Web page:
India is one of the poorer countries in the world. It ranks 124th of 191 countries in GDP per capita when adjusted to relative purchasing power (Global Finance, 2019). It is not only poor, but highly unequal: In 2018, Credit Suisse published a Global Wealth Report stating that the bottom 60% of earners own a mere 4.7% of India’s wealth, while the wealthiest 1% own 51.5% (Global Wealth Report, 2018). The Asian Development Bank (ADB) also ranked India 24th out of 25 Asian countries in terms of social protection spending (Asian Development Bank, n.d.).
India is the second most populated county in the world – after China – and two-thirds of Indians live in poverty. Despite its rapid development over the last three decades, almost 70% of the Indian population lives on less than US$ 2 a day, while more than 30% live off less than US$ 1.25 per day (SOS Children’s Villages, n.d.). Per capita income in India is about US$ 2000 annually, unemployment is increasing, and inequality has left millions of people out of the benefits of growth (SOS Children’s Villages, n.d.). Women and children face the greatest vulnerabilities.
These statistics are staggering but nobody really knows how many people live in poverty in India: The exact number of poor households has not been determined and census counts have been marred in controversy (Biswas, 2012). This has implications for the successful targeting of social protection. As poor Indians do not pay taxes, and other social welfare benefit recipients are usually identified by the discretion of local powerbrokers, there is no reliable data available to identify potential NYAY recipients (BBC News, 2019).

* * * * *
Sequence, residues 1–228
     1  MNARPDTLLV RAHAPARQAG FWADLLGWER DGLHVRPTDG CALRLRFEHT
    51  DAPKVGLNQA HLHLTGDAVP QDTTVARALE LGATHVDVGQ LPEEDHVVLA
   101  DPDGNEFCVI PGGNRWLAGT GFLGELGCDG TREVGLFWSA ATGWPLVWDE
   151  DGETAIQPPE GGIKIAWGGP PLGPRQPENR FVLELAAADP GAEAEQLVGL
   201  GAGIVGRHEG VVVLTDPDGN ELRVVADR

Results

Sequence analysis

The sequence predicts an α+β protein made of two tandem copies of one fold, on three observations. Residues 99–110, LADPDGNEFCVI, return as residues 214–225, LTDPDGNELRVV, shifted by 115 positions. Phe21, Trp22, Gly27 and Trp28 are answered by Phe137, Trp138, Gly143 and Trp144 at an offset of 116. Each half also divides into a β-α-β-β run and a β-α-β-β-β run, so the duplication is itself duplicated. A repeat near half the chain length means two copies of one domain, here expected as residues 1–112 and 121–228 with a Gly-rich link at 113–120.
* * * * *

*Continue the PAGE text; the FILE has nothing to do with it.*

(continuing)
The Planning Commission has stated that only 29.8% of Indians live below the poverty line; which would be a distinctive drop from 37.2% in 2004-2005 (Biswas, 2012). Other estimates, as mentioned above, set the percentage as high as 77%. The reason for such divergence is the method of defining and evaluating poverty.
Economists have also voiced their concerns that India is simply to vast to effectively evaluate, target, and deliver to the whole population. New technology, biometric identification, and the use of big data holds promising potential for improving the implementation of government schemes (Crabtree , 2019). For NYAY to be realised, policy makers would need to carefully consider the design for effective implementation and monitoring.
Costs versus future growth potential
The conditional cash transfer would function by topping up household income to ensure the total annual incomes meets a basic minimum (Business Insider, 2019). Gandhi has suggested that both the central and state governments would finance NYAY, with over half of the money coming from the central government. The CP has also proposed that the government could subside the scheme by disinvesting in noncore public sector spending.